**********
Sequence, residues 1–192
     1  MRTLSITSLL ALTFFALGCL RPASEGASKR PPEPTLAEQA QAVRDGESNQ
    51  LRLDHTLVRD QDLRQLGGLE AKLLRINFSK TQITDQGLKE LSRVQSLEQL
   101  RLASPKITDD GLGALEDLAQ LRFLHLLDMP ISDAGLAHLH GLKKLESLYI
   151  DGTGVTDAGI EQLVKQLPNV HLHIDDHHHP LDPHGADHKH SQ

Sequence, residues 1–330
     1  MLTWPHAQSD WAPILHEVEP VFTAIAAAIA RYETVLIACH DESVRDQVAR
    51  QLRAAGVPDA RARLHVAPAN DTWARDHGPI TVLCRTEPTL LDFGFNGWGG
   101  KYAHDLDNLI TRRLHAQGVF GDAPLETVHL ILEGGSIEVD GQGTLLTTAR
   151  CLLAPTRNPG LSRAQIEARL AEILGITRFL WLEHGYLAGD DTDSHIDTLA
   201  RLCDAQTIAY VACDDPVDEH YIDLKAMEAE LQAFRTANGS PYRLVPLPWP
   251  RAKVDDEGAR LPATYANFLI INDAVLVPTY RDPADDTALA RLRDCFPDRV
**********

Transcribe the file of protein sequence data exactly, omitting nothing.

Sequence, residues 1–192
     1  MRTLSITSLL ALTFFALGCL RPASEGASKR PPEPTLAEQA QAVRDGESNQ
    51  LRLDHTLVRD QDLRQLGGLE AKLLRINFSK TQITDQGLKE LSRVQSLEQL
   101  RLASPKITDD GLGALEDLAQ LRFLHLLDMP ISDAGLAHLH GLKKLESLYI
   151  DGTGVTDAGI EQLVKQLPNV HLHIDDHHHP LDPHGADHKH SQ

Sequence, residues 1–330
     1  MLTWPHAQSD WAPILHEVEP VFTAIAAAIA RYETVLIACH DESVRDQVAR
    51  QLRAAGVPDA RARLHVAPAN DTWARDHGPI TVLCRTEPTL LDFGFNGWGG
   101  KYAHDLDNLI TRRLHAQGVF GDAPLETVHL ILEGGSIEVD GQGTLLTTAR
   151  CLLAPTRNPG LSRAQIEARL AEILGITRFL WLEHGYLAGD DTDSHIDTLA
   201  RLCDAQTIAY VACDDPVDEH YIDLKAMEAE LQAFRTANGS PYRLVPLPWP
   251  RAKVDDEGAR LPATYANFLI INDAVLVPTY RDPADDTALA RLRDCFPDRV